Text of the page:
I am a
Home I AM A Search Login

Papers of the Week

Papers: 18 May 2024 - 24 May 2024

2024 May 14

Biochem Biophys Res Commun



Unique electrophysiological property of a novel Nav1.7, Nav1.8, and Nav1.9 sodium channel blocker, ANP-230.


Kamei T, Kudo T, Yamane H, Ishibashi F, Takada Y, Honda S, Maezawa Y, Ikeda K, Oyamada Y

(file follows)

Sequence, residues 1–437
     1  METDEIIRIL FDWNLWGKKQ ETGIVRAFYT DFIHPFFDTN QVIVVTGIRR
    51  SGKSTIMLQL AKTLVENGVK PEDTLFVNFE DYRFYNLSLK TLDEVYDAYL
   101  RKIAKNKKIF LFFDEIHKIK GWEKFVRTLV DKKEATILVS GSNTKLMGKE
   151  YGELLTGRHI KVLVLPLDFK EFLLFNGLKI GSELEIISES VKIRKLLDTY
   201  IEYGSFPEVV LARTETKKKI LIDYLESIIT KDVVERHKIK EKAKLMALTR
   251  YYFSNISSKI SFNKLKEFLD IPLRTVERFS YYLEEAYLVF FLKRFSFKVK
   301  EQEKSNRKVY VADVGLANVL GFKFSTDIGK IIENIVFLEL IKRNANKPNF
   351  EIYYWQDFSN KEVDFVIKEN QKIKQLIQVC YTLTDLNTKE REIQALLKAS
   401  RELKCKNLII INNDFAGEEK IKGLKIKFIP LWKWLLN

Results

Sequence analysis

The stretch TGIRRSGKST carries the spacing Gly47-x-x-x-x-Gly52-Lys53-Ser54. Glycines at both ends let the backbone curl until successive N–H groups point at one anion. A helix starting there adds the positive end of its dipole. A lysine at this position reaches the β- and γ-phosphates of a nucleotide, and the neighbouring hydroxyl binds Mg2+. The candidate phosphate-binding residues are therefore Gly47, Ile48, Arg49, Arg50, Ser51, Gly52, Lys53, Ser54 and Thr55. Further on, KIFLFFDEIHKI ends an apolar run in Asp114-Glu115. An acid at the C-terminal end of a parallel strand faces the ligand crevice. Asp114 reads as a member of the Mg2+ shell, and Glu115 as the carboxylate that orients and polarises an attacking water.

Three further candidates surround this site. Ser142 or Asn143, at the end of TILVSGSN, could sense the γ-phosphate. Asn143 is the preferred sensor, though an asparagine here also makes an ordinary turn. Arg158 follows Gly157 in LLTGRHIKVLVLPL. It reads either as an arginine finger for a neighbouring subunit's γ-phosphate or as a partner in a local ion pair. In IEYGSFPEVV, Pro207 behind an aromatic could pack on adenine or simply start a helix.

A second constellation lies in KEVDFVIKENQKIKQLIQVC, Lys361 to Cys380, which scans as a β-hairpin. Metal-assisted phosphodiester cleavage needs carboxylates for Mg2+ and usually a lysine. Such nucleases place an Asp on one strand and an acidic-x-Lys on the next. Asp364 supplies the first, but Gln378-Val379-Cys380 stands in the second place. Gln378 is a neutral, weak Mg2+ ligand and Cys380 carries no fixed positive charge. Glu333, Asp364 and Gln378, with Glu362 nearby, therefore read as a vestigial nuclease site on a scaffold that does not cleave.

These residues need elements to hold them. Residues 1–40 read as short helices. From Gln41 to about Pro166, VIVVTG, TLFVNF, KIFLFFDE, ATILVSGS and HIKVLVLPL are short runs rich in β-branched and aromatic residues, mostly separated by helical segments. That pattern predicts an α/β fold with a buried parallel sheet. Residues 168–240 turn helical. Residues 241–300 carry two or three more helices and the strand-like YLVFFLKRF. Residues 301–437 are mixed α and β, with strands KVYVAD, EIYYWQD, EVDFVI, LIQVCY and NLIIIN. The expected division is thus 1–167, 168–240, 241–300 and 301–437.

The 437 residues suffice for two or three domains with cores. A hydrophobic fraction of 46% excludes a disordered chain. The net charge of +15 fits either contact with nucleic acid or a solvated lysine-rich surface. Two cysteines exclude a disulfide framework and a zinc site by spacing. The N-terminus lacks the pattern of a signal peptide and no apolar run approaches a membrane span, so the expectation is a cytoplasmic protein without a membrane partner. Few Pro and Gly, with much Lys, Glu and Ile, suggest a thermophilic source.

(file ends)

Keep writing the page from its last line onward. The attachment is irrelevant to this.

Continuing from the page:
Voltage-gated sodium channel subtypes, Nav1.7, Nav1.8, and Nav1.9 are predominantly expressed in peripheral sensory neurons. Recent genetic studies have revealed that they are involved in pathological pain processing and that the blockade of Nav1.7, Nav1.8, or Nav1.9 will become a promising pharmacotherapy especially for neuropathic pain. A growing number of drug discovery programs have targeted either of the subtypes to obtain a selective inhibitor which can provide pain relief without affecting the cardiovascular and central nervous systems, though none of them has been approved yet. Here we describe the in vitro characteristics of ANP-230, a novel sodium channel blocker under clinical development. Surprisingly, ANP-230 was shown to block three pain-related subtypes, human Nav1.7, Nav1.8, and Nav1.9 with similar potency, but had only low inhibitory activity to human cardiac Nav1.5 channel and rat central Nav channels. The voltage clamp experiments using different step pulse protocols revealed that ANP-230 had a “tonic block” mode of action without state- and use-dependency. In addition, ANP-230 caused a depolarizing shift of the activation curve and decelerated gating kinetics in human Nav1.7-stably expressing cells. The depolarizing shift of activation curve was commonly observed in human Nav1.8-stably expressing cells as well as rat dorsal root ganglion neurons. These data suggested a quite unique mechanism of Nav channel inhibition by ANP-230. Finally, ANP-230 reduced excitability of rat dorsal root ganglion neurons in a concentration dependent manner. Collectively, these promising results indicate that ANP-230 could be a potent drug for neuropathic pain.